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Emotions: The Trajectory Project


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We’ve all been there when starting something new or when faced with a challenge: Heart racing, unsure but eager, smiling but also a bit scared, overwhelmed but ready to dive in. This is our emotions at play. And emotions are evident in the workplace in both good and bad ways.


But here’s the great thing–when you learn to recognize your emotions, you can leverage them in ways that will positively influence your career trajectory!


I’ll start with what we’ve learned from people we’ve talked to about emotions at work during the early-career phase and then offer some action items that you can implement TODAY.


What we know about emotions at work during the early career phase

  • You’re not alone: Everyone experiences a range of emotions in the workplace. One of the women we interviewed said that these emotions were complex; she experienced “every human emotion that you could think of.”

  • Emotions are unique during the early career phase: You’re not only transitioning into a new job, you’re basically transitioning into a new life! From getting the hang of your tasks at work to navigating a new routine and schedule to figuring out a new living situation or city–there’s a LOT going on! It’s ok to recognize that and give yourself grace while you’re figuring everything out.

  • Excited, intimidated, worried, and overwhelmed: These are the most common emotions our research participants named when describing what they felt when acclimating to professional life.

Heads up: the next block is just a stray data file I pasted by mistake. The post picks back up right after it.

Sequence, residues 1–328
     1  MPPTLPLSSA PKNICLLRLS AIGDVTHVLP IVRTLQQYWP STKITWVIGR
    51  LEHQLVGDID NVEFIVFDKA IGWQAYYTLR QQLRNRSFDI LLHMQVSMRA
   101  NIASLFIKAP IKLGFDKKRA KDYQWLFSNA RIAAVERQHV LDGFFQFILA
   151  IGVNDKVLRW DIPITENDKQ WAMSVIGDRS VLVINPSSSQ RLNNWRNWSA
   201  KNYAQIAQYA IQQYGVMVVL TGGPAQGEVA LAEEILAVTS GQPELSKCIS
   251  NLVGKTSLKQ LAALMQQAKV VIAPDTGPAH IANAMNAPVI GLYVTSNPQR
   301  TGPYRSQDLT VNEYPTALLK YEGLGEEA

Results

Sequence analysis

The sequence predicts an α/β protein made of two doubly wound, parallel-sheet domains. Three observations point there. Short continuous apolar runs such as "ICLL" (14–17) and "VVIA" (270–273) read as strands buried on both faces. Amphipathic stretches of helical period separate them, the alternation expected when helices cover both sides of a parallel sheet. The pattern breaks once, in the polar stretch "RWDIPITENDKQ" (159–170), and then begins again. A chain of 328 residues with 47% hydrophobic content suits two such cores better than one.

• Professional identity: People also told us that figuring out their professional identity was also an emotional experience. Our research participants tried to find a balance between fitting in with their new colleagues and preserving their character. For example, “I feel I’ve started to finally find my way… [at first] I was like, who am I? I don’t even know any more because you have to adapt to all of these personalities to work with other people.”

ACTION ITEMS

  • Find a kindred spirit. Seek out someone in your workplace that you feel safe being emotional around. Just like Katie discussed in the newsletter about mentorship, identifying someone you can be open and honest with who understands your career goals is so important! Having someone you trust who can help you think rationally will benefit you in more ways than one because when our emotions take hold, it’s so hard to be level-headed. For example, we have a few people we call during times like this, and our ask might be as simple as, “I just need to talk through this” or “Can you offer some perspective?” or “Can you help me see this situation from a different angle?”

  • Know who you are through self-reflection. This relates to what was mentioned earlier about professional identity. The truth is, we are all products of our environment. It’s common to want to fit in and adjust to others in the workplace. This puts unnecessary pressure on yourself to try to be someone you’re not. You can still kill it at work while staying true to who you are! We really encourage you to take some quiet time for self-reflection by journaling about what matters to you in work and in life. Writing allows your mind to slow down and helps you reason through those emotions experienced.

  • You don’t have to have everything figured out. Remember that your career trajectory is a process. There will be no point in time where you’ll know exactly what you’re doing or exactly where you’re meant to be or exactly where you’ll go from here. No one knows these things! Stay present in the process, trust your intuition (that “gut” feeling) and explore opened doors and opportunities. You won’t regret it!

Finally, I’ll leave you with another resource I love and a great Instagram follow: @lizandmollie. They share some hard truths (and very relatable) content about emotions at work. My personal favorite post right now is this one:


Learn more about The Trajectory Project on LinkedIn and Instagram (@trajectory_project) as we continue to share small steps you can take along your journey that will lead to big impact.

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